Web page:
Immunisation allows people to live in freedom from the fear of disease. Coronavirus has laid this truth bare – as humanity is exposed to a disease it has no protection from, life as we know it totally alters.

The COVID-19 pandemic has caused the largest shift in the way humans operate since the Second World War. No single issue has had such a drastic impact on our lives, significantly affecting all parts of our society. Politics has responded to the crisis by implementing an unimaginable shift in the focus of our health systems. Within weeks the UK government, and governments around the world, were desperately fighting to ensure that health systems were focused on tackling the pandemic. While this shift is both important and essential it has brought substantial knock-on effects, with the fall in the delivery of immunisation services among the most concerning. 

A health worker delivers Vaccines in a rural setting Image: Asad Zaidi/Gavi
A health worker delivers Vaccines in a rural setting Image: Asad Zaidi/Gavi

Immunisation saves 2-3 million lives each year, enabling people to survive, thrive and reach their full potential. If we allow COVID-19 to disrupt the delivery of routine immunisation services the results will be severe. A recent assessment of the Africa region by the World Health Organisation (WHO) estimates that 46% of countries have partially or fully halted outreach services, and 67% of countries have delayed supplementary immunisation activities (the follow ups to initial vaccines, often an essential part of ensuring full immunity). Gavi, the Vaccine Alliance (Gavi), has also seen its immunisation services reduced in 21 countries. These very rapid drops in key immunisation services could have a drastic impact for millions of people, and we are at risk of seeing diseases such as polio and measles increase in number, undoing years of hard work. It is important to remember the lessons learned from previous disease outbreaks – for example, twice as many people died from measles in the 2019 Ebola outbreak in Democratic Republic of Congo than Ebola itself. We cannot afford to overlook the secondary impacts of COVID-19.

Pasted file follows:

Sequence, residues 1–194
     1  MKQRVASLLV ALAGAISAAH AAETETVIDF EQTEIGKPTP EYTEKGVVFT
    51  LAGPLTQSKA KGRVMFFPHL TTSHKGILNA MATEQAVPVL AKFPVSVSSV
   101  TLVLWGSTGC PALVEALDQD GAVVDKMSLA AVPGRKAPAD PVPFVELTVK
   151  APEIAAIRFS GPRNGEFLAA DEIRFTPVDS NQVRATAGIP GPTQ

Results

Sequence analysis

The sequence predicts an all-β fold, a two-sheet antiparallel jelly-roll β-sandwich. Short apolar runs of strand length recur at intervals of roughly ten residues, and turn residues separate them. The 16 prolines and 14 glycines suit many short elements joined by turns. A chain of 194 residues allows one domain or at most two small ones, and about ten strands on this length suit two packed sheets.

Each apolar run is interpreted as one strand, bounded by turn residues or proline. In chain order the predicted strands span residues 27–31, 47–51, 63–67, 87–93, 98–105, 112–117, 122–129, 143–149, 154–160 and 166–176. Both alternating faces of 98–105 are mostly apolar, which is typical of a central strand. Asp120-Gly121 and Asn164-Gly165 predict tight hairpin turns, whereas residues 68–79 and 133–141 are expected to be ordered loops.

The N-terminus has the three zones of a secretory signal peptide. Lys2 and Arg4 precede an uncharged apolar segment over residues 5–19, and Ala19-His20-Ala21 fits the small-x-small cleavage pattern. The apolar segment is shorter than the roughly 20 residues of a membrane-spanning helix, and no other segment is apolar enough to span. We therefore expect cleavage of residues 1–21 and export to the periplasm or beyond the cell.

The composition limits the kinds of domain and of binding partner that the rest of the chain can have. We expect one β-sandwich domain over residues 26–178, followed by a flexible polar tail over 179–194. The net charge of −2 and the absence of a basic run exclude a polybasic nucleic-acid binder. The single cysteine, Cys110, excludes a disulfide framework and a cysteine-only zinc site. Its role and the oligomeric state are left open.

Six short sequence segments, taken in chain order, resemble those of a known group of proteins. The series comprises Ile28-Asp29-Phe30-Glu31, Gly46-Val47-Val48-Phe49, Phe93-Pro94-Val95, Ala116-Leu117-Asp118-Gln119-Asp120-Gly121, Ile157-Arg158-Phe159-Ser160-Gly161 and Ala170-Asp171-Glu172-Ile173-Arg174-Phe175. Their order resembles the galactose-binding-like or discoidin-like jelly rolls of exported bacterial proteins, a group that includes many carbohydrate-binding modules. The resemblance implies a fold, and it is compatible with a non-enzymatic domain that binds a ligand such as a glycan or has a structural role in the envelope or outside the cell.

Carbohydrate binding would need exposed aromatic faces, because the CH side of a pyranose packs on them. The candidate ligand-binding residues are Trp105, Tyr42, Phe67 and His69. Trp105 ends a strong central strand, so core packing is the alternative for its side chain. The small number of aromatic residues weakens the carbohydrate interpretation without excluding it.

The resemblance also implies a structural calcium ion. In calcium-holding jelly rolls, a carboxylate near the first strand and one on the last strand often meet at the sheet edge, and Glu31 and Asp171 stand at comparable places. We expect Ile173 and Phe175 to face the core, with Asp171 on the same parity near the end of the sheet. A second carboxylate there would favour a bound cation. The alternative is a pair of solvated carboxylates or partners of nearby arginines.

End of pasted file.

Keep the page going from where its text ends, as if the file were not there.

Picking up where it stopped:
It is vital that we acknowledge the critical role global health multilaterals like the Global Polio Eradication Initiative (GPEI) and Gavi will play in this crisis. Gavi’s position as the pre-eminent vaccine delivery multilateral will allow it to distribute the Covid vaccine equitably in the world’s poorest countries once a vaccine becomes available. It is therefore essential that the UK government commits to Gavi ahead of this year’s Global Vaccines Summit, and continues as the leading donor while encouraging other countries to make strong pledges. Gavi and the GPEI will be needed not only to respond to the outbreak but also to help develop strong and resilient health systems in some of the world’s poorest countries. This will be vital for mitigating the impact of future pandemics whilst also helping to develop a strong global health infrastructure capable of protecting some of the world’s most vulnerable people. 

Gavi and the GPEI’s response to the COVID-19 outbreak has led to a potentially significant reduction in the GPEI’s capacity to deliver routine polio immunisation services. This could mean a large increase in the number of children who suffer from polio. The WHO estimates that an outbreak of polio in an area which hasn’t been immunised sufficiently could lead to around 200,000 new cases of polio spreading all over the world within 10 years. Given how close we are to eradicating this incredibly debilitating disease, to lose momentum now would be a travesty.

As we mark World Immunisation Week, we have to ensure that everyone, no matter where they come from, have access to all the vaccines that they need. The response of Governments like ours, research and development institutions and pharmaceutical companies to push for the development of a Covid-19 vaccine is testament to our understanding that vaccines allow us, as a global society, to stay safe. This unprecedented reaction has shown how adaptive the global health community can be, but it can’t be at the cost of other diseases.